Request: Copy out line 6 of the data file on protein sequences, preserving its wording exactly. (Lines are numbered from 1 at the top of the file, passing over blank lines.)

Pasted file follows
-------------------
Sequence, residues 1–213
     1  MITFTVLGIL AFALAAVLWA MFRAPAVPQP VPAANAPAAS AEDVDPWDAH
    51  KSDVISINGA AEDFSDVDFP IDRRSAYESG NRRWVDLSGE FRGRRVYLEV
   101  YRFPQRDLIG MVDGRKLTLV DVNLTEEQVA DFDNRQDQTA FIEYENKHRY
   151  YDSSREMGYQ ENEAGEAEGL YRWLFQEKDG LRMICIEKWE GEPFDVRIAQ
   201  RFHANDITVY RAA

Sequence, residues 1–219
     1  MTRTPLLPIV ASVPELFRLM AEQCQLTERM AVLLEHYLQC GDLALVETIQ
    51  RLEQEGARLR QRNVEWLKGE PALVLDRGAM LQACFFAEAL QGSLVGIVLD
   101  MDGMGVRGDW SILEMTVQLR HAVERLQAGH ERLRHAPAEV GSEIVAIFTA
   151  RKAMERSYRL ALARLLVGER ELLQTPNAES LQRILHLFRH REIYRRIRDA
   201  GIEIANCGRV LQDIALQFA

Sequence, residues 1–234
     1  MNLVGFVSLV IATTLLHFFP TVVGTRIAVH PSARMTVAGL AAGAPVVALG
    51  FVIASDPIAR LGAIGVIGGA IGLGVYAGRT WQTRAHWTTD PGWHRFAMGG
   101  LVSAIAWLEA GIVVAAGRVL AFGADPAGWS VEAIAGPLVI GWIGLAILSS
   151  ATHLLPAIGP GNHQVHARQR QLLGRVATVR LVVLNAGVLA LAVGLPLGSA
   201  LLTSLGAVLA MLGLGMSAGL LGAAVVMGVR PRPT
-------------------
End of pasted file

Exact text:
   201  RFHANDITVY RAA